OLYMPIA — Add an iPod Touch to the tools other states are using to recruit Washington businesses.
Virginia’s governor used one to reach out and tap high-tech businessman John Sabey last week just as Washington leaders pulled their hand away from the Seattle entrepreneur.
The iPod Touc
h arrived at Sabey Corp. offices hours before Washington lawmakers, on the final day of the special session, balked at extending a tax break the company sought for expanding its business of building data centers.
“We thought it was very ironic,” said Sabey, president of Sabey Data Center Prop
erties. “On the day we got spiked by the Legislature, the state of Virginia is sending us goodies telling us, basically, they’d like us to do business in their state.”
Carrie Cantrell, Virginia’s deputy secretary of commerce and trade, confirmed the state sent the recruitment package as part of an ongoing campaign to attract data center firms. She wouldn’t say if the timing of this particular delivery was planned or a coincidence.
David Sabey, John’s father and renowned commercial real estate guru, received the package on the outside of which is written, “The governor of Virginia requests five minutes of your time.”
Inside was the iPod Touch preloaded with a video message from Virginia Gov. Bob McDonnell extolling the virtues of operating in his state.
“That’s pretty aggressive,” said state Sen. Steve Hobbs, D-Lake Stevens, a supporter of the tax break and one of several state lawmakers who heard about the package.
Gov. Chris Gregoire on Tuesday veered away from commenting on McDonnell’s tactic, focusing instead on her disappointment the bill didn’t pass.
“I’ve been a proponent of data centers from the beginning,” she said, adding that she knew of other companies in addition to Sabey that were ready to break ground had the tax break been approved.
Data centers are essentially where gobs of servers are used to process, store and transfer information online. With surging volumes of information and online transacting, the demand for these centers is growing and states are actively competing for them.
Last year, Washington’s Legislature passed a bill to lure construction of centers in rural counties. It allowed firms to forgo paying sales tax on the electrical equipment and servers used in the buildings.
Seven projects were undertaken as a result; Sabey’s firm launched work in East Wenatchee and Quincy.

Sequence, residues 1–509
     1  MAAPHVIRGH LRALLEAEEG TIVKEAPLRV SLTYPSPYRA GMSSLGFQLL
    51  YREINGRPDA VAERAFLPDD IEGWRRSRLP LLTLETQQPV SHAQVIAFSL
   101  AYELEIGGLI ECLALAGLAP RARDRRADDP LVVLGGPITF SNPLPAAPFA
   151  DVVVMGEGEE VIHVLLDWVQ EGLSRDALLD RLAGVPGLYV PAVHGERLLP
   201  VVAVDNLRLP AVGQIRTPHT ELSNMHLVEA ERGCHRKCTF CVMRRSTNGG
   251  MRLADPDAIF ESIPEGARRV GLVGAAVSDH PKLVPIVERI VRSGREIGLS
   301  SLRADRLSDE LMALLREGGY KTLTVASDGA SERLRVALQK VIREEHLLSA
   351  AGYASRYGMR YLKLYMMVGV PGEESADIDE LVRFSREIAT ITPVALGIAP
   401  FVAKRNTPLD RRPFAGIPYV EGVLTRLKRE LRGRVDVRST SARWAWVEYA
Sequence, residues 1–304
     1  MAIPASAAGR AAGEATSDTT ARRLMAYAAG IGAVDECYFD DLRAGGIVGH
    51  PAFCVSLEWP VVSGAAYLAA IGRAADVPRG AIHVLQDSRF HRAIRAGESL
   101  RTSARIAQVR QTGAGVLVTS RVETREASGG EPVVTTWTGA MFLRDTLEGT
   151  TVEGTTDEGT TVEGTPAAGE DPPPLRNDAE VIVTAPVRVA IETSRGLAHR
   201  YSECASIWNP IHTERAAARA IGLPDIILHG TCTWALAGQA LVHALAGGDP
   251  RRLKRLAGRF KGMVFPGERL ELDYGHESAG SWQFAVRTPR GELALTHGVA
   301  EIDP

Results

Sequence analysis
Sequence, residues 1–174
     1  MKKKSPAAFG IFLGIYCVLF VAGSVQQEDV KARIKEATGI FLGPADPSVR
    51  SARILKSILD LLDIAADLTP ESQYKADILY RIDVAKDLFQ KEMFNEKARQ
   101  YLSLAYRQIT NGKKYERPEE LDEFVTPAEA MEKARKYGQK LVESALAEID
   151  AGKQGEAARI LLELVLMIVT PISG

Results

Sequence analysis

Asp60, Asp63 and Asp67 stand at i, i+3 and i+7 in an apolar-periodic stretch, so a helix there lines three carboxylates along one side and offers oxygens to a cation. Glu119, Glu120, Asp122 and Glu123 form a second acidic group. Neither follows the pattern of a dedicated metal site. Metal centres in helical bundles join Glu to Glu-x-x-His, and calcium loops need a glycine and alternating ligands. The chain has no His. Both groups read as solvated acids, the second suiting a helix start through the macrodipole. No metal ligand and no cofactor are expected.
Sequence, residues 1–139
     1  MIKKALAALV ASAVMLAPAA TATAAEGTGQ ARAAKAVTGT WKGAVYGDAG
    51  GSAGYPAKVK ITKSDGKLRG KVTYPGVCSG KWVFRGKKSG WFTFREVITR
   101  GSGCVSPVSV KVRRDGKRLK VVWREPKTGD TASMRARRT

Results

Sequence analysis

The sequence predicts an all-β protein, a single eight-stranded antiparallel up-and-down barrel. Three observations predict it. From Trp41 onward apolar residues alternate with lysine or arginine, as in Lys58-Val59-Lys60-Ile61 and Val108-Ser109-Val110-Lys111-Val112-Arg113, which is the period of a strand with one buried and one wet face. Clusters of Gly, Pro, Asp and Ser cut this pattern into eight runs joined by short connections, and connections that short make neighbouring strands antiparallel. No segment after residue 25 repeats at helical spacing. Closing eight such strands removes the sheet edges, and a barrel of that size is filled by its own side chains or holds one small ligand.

But the law had a limited life span, with the tax break available only until July 1, 2011. This year’s bill sought to keep the tax break going another three years.
As a result, the flurry of activity will be muted and the state will be at a bit of a competitive disadvantage, according to John Sabey.
He said his firm had been exploring opportunities in Virginia well before the package arrived. If they make a deal, he might drop by McDonnell’s office to say hello.
At the same time, he’s hoping Washington lawmakers revive the tax break bill in 2012.
Hobbs and Gregoire hope so too.
“I certainly hope we do something,” Hobbs said.
“If we’re not aggressive enough we could lose out on these high-tech businesses.”
McDonnell is not the first governor to attempt to lure a Washington-based company.
Idaho Gov. Butch Otter sent a “love letter” to Washington businesses in March 2010 extolling his state’s economic climate. Texas Gov. Rick Perry wrote a handful of corporate executives in October as Washington voters considered an income tax measure. Perry’s missive noted Texas had no income tax and no interest in getting one.
Each of those overtures evoked a bring-it-on response from Gregoire, who expressed confidence Washington firms wouldn’t bite. In replying to Otter, she hinted at trying to lure companies from his state but apparently didn’t try anything as brash as a letter.
Earlier this year, she went out of her way to not publicly trash such tactics.
“I’m not going to criticize any of my colleagues,” she said in February at the National Governor’s Association meeting. “Anybody who wants to come to Washington state is welcome. I’m not out trying to steal companies from my colleagues.”
Gregoire, this year’s NGA chairwoman, went on to say each state’s future economic development hinges on them competing globally not “stealing from someplace else” in this country.
Jerry Cornfield: 360-352-8623; firstname.lastname@example.org.